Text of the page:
Great, now a total stranger is pointing out that Peter’s a failure, too. Doesn’t he know what Peter’s been through the past few days? Why point out the obvious? But like any good criticism, the stranger doesn’t just say, “Hey that’s wrong.” He also offers a corrective measure. “Cast your nets over there!”

And it’s the jackpot. Not just a few fish. Lots and lots of fish. A catch so heavy they couldn’t bring it in.  A catch so heavy that their net tears with the load.

And even if the one disciple hadn’t said, “It’s the Lord,” somehow Peter would have known. Peter is intuitive that way. And in the foolhardy, all or nothing way that Peter does his life with Jesus, he jumps into the water and swims to the shore.

After breaking bread with the disciples, Jesus asks, “Simon Peter do you love me?” Three times Jesus asks and three times Peter replies in the affirmative. It is frequently taught that Peter is being given the opportunity to redeem his three denials of Jesus.

Maybe Peter is being given the chance to believe in himself; to forgive himself and move forward in the task laid before him.

In the previous chapter of John’s gospel Jesus appears to the disciples and offers them peace. In that encounter he doesn’t rebuke Peter for his denials. Jesus doesn’t chastise the others for abandoning him. He offers them peace, breathes the Holy Spirit upon them, and sends them out with a proclamation of forgiveness; a message of reconciliation. “As the Father has sent me, so I send you.”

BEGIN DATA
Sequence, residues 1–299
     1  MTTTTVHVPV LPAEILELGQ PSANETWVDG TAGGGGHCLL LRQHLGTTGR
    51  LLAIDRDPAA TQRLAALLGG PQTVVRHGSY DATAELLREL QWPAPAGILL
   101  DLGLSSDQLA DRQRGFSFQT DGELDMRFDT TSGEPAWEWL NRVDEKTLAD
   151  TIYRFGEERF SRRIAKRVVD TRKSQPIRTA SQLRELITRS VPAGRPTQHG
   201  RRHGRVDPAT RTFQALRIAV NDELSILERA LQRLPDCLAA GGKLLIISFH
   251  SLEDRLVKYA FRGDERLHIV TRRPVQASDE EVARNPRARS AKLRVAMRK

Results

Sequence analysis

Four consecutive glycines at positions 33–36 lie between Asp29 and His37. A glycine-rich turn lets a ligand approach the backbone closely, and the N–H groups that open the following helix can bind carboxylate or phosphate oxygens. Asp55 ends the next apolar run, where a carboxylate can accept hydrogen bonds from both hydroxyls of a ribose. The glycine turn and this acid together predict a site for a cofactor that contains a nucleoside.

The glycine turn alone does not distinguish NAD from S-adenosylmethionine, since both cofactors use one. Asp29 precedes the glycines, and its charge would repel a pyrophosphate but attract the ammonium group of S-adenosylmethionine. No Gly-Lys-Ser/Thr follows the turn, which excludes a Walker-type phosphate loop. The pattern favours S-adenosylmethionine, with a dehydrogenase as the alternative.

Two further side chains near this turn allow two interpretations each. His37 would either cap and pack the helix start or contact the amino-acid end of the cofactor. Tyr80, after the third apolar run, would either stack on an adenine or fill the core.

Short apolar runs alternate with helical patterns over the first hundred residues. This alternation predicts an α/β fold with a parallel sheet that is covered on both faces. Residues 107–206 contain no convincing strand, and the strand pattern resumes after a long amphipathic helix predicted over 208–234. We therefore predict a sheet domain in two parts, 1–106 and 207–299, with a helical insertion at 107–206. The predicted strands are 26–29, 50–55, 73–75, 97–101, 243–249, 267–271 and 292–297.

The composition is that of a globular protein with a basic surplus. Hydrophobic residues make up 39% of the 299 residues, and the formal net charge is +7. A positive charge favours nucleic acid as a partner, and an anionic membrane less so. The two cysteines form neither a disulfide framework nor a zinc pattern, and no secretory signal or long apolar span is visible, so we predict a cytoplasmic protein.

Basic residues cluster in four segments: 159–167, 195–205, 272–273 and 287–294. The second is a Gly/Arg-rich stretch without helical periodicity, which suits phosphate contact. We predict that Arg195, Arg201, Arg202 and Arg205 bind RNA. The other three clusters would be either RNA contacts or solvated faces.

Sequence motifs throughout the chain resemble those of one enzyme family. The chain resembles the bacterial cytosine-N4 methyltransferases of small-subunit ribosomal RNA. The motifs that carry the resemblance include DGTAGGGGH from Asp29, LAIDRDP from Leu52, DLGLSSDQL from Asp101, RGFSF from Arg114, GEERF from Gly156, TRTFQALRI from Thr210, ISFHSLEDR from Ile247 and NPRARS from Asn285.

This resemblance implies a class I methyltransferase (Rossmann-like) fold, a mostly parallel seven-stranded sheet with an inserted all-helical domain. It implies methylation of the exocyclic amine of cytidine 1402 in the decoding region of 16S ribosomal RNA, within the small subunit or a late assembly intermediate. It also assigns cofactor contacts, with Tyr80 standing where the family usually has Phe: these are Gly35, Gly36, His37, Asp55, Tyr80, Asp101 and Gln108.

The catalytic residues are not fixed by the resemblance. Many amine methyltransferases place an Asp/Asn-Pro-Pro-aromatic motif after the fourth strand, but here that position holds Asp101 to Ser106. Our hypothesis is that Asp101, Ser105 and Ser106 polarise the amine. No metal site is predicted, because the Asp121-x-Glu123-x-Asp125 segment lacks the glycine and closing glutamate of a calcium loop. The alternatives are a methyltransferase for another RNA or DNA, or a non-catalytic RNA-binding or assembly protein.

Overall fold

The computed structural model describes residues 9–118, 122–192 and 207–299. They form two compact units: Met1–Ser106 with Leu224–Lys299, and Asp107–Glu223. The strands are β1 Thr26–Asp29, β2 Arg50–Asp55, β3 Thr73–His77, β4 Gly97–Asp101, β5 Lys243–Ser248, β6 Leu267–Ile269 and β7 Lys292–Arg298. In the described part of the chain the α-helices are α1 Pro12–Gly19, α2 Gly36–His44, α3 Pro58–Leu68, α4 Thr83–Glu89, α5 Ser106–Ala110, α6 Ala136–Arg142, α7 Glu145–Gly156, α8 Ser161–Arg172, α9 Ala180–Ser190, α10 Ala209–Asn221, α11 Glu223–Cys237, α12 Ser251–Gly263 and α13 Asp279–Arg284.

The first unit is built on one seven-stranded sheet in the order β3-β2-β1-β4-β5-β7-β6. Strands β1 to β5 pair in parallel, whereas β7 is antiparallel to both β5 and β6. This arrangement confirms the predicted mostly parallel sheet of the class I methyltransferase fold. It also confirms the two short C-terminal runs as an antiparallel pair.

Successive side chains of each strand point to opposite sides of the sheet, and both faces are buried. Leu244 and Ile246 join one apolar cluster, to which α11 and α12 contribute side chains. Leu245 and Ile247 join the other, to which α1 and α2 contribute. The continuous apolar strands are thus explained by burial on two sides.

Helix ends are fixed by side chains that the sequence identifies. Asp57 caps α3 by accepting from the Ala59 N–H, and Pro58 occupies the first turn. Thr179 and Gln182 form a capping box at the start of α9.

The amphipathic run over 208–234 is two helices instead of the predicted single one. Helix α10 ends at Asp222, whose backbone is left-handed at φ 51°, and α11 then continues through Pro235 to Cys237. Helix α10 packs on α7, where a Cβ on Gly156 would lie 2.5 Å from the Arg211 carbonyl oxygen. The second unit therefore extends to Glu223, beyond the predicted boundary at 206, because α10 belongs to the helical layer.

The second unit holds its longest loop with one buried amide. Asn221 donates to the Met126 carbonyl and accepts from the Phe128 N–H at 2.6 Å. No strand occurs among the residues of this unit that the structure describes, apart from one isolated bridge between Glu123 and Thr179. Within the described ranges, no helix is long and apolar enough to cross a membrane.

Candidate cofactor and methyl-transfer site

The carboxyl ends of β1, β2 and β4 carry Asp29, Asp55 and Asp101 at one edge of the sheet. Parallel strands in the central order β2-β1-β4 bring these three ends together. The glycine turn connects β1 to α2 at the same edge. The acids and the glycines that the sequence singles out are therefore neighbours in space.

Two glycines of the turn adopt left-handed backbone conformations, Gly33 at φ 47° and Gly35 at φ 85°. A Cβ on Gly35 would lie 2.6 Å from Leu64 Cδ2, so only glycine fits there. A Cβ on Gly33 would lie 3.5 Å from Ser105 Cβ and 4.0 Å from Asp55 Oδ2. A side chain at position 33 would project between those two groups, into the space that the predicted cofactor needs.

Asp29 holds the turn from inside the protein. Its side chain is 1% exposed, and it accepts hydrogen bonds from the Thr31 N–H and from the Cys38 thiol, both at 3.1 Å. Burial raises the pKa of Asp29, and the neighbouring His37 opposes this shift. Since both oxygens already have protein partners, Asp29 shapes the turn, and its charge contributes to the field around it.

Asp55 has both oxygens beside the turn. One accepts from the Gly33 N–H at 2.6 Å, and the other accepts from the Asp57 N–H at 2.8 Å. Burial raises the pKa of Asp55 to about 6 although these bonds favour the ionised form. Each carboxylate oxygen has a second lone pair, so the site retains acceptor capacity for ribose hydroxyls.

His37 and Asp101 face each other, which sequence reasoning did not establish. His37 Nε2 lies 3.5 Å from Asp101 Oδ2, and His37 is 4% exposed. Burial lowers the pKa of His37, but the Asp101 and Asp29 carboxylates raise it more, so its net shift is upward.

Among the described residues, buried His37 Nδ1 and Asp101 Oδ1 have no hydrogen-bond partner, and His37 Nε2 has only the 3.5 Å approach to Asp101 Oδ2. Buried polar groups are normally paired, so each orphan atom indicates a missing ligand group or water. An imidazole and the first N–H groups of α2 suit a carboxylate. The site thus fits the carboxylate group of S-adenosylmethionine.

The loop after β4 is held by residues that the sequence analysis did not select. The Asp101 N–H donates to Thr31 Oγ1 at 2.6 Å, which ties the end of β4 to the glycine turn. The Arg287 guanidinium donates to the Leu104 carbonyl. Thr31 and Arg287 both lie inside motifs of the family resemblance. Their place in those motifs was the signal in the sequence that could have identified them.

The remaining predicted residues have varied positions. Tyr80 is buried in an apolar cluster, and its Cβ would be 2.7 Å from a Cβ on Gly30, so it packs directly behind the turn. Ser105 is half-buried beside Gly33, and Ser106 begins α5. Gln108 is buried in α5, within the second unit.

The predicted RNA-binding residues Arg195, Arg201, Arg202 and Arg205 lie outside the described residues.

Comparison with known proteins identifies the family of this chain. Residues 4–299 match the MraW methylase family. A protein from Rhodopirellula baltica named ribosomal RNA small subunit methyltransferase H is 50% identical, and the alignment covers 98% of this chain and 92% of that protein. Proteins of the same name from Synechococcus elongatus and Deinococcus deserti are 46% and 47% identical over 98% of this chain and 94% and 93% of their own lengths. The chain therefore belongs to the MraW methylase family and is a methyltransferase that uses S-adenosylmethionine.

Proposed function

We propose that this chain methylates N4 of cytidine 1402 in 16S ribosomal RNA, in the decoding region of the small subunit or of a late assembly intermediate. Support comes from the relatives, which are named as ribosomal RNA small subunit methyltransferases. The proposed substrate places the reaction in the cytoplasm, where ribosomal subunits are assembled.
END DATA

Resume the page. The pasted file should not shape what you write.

Maybe Peter still hadn’t forgiven himself and Jesus could see that. Maybe it was apparent in the desire to be in a boat all night, sulking about not catching any fish. So Jesus asks Peter, “Do you love me?” and Peter says, “Yes.” The question isn’t meant to embarrass Peter; It’s not meant shame; it’s meant to get Peter to forgive himself, to believe in himself, and understand how much he is loved so that he will love back in the same way that he is loved.

Maybe that’s something we all need. Like Peter, maybe we have trouble believing in ourselves, maybe we have trouble forgiving ourselves.

If we look at the Table that is set week after week—if we look to the Eucharist, we have this continual reminder of the gift of love that has been given to us, and we have the continual reminder of the gift of the Holy Spirit breathed upon us and sealed within us and more than that, we pray that the spirit comes upon us and the gifts we offer in unison with Christ’s offering for us. We pray week after week that the Holy Spirit would bless us to be a blessing; that we would be sent (apostolos in the Greek..roughly speaking) as a reconciled people, with the message of reconciliation.

 

Lenten Photo a Day: Feb 28

Feb 28: “Home”

  

I couldn’t help but think of this picture in my office when I saw the theme “home.”

Rembrandt’s Return of the Prodigal Son captures in such a visceral manner the beauty and tenderness of the son who is received by his father upon returning from the far country. His painting visualises the heart of God as revealed in this amazing parable.

Lenten Photo a Day: Feb 27

Feb 27: “Burden”

  
My Dad and Betty-Mom gave me this stole when I graduated Seminary. In my Church the stole is a symbol of ordination, so I waited through my Probationary years before vesting with this stole, or any stole for that matter. 

At first I thought of the privilege of wearing the stoles do the privilege of being in my Order; then it became more about the weight of the Order to which I belong. “My yoke is easy and my burden is light,” says my Lord. But there is a responsibility that comes with wearing my stole to lead and teach the church with Word and Sacrament. So each time I vest, I kiss my stole right where it rests on the back of neck that the burden may be light, but also that I may never take lightly the task of caring for God’s people.